As an example of an artificial neural net (ANN), a neural processing unit (NPU) is able to encode previous (learned) information by storing a weighted resistance for each input. Since ANN's are biologically inspired, I was wondering whether the neurons in the human brain also have a mechanism to set the resistance for electrical current that flows through the neuron. If not, how is information (long term storage) encoded in the brain (for example, a familiar word like "house")?


The general biological term for this kind of mechanism is synaptic plasticity. Synapses are the biological structure that allow neurons to communicate via the exchange of neurotransmitters. The strength of the synapse (the effectiveness of the link between the neurons) can be modified over time.

One important kind of modification is long-term potentiation, first reported by Bliss and Lømo in 1973. They demonstrated that short term bursts of activity in a neural pathway can cause long term augmentation of the post-synaptic response. In artificial neural network terms, they were able to demonstrate something akin to an increase in the connection strength between two neurons.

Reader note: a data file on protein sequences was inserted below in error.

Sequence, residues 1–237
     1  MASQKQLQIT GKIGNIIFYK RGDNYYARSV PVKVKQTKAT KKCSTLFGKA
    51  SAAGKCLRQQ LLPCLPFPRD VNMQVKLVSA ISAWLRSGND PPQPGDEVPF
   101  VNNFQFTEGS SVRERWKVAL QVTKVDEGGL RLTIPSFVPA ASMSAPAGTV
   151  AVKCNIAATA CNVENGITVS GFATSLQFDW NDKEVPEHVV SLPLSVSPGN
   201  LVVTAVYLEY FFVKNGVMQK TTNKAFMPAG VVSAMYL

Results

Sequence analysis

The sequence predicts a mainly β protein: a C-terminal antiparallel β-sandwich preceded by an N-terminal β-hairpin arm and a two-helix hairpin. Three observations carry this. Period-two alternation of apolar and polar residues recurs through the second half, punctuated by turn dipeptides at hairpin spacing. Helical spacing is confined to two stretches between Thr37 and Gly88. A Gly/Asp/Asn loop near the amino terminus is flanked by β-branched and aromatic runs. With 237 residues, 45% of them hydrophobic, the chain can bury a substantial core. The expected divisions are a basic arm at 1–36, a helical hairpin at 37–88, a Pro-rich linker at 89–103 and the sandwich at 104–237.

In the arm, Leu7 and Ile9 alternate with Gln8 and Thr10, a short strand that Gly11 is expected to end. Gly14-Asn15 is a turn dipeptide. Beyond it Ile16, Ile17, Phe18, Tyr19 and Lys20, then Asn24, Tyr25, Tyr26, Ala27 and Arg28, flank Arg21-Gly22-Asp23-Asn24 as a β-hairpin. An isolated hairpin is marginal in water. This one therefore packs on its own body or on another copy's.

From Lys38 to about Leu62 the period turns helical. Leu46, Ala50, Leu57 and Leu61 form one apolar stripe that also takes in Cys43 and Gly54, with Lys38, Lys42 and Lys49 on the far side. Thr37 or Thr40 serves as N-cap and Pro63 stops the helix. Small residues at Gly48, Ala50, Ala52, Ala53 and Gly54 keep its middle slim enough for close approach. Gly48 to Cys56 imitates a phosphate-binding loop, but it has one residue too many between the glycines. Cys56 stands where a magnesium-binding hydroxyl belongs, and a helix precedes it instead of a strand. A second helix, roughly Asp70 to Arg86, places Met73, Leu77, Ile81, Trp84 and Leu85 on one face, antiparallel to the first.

• $\begingroup$ How important is synaptic plasticity when it comes to the information stored in the brain? Does it just assist in the strength of the information encoding or is the plasticity the main encoding mechanism? I think some researchers have been able to get rough pictures of the test subject's visual thoughts - I was always curious how they decoded that information. $\endgroup$ May 6 '15 at 16:39
  • $\begingroup$ That could be an interesting new question to ask on the site! $\endgroup$ May 6 '15 at 16:41

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